Dorn’s Math Proposal to Be Voted on by House
OLYMPIA — February 25, 2011 — State Superintendent Randy Dorn’s proposed math legislation (House Bill 1412) made it out of the House Ways and Means committee today and will be voted on by the state House of Representatives next week.
Dorn’s legislation requests that the current math assessment graduation requirement be amended by allowing students in the classes of 2013 and 2014 to pass one end-of-course (EOC) math exam instead of two. That will allow the assessment system to be better aligned in the transition from the High School Proficiency Exam (a single, comprehensive math exam) to two end-of-course exams (algebra 1 and geometry).
If HB 1412 is passed, it will move to the state Senate for action. If passed by the Senate, the governor would have to sign the bill before it becomes law.
Dorn’s legislation was one of four bills proposed in the 2011 session to amend graduation requirements. However, his bill was the only one that made it through for a vote.
“At the beginning of this session, many legislators did not believe we needed to make any change in the math graduation requirement,” Dorn said. “Others introduced legislation to completely abolish graduation requirements. I’m pleased that my middle-ground approach, which still holds students accountable to passing a state math exam, appears to be moving forward.”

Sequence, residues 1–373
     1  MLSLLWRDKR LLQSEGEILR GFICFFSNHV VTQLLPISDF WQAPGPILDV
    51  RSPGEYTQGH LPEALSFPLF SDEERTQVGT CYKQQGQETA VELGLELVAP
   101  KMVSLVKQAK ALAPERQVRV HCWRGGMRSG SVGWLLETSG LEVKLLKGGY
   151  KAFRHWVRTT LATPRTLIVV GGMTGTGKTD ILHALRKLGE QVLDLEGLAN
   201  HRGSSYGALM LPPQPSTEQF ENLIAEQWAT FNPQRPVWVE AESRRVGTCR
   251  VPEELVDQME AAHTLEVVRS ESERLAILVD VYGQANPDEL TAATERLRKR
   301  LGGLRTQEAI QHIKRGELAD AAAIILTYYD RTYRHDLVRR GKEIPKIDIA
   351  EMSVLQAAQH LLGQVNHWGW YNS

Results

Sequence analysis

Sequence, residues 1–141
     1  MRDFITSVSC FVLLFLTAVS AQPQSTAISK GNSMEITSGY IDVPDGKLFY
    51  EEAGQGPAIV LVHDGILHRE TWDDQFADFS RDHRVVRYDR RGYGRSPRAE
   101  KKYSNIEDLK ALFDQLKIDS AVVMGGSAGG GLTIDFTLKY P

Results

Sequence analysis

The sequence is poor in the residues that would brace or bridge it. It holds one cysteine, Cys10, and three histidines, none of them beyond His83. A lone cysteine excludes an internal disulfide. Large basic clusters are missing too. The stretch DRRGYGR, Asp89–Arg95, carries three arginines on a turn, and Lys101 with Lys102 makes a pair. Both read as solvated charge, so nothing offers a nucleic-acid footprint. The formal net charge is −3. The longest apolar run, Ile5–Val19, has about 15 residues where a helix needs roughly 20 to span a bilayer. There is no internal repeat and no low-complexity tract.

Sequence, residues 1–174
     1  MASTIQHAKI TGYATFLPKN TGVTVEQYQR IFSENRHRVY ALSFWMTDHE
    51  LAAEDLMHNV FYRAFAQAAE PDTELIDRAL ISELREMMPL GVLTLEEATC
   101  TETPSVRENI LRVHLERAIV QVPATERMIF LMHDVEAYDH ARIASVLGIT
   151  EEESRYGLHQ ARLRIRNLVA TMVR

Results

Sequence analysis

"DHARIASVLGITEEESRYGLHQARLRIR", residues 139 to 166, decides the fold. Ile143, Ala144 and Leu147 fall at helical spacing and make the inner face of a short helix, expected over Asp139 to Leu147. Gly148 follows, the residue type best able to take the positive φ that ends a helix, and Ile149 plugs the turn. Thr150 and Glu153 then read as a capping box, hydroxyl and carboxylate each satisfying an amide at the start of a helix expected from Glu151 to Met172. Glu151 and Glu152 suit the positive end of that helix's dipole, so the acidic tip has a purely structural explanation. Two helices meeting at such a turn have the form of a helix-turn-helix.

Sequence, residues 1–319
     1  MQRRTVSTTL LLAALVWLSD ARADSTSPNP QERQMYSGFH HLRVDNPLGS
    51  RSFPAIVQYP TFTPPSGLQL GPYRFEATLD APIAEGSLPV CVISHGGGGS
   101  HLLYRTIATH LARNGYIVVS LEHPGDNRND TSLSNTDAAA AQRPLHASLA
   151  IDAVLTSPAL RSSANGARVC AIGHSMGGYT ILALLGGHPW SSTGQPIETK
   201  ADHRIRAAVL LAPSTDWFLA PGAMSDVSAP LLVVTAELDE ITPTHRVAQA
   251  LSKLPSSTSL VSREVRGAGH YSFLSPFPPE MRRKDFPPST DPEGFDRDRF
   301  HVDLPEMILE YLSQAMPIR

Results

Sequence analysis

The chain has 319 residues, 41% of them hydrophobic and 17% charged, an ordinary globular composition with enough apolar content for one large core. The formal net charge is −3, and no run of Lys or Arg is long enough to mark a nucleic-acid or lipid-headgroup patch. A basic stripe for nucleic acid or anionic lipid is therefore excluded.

Most 10th grade students this year are taking geometry and will take that respective state end-of-course exam. However, under current law, they would also be required to take an algebra 1 exam a year after taking the course.
“I’ve always said this is a fairness issue,” Dorn said.” End of course should mean end of course. The education community and parents are behind me on this issue and now it appears our Legislature is as well. It’s gratifying that we are on the way to fair solution.”
The Office of Superintendent of Public Instruction (OSPI) is the primary agency charged with overseeing K-12 education in Washington state. Led by State School Superintendent Randy Dorn, OSPI works with the state’s 295 school districts and nine Educational Service Districts to administer basic education programs and implement education reform on behalf of more than one million public school students.
OSPI does not discriminate and provides equal access to its programs and services for all persons without regard to race, color, gender, religion, creed, marital status, national origin, sexual preference/orientation, age, veteran’s status or the presence of any physical, sensory or mental disability.
OSPI Communications Manager
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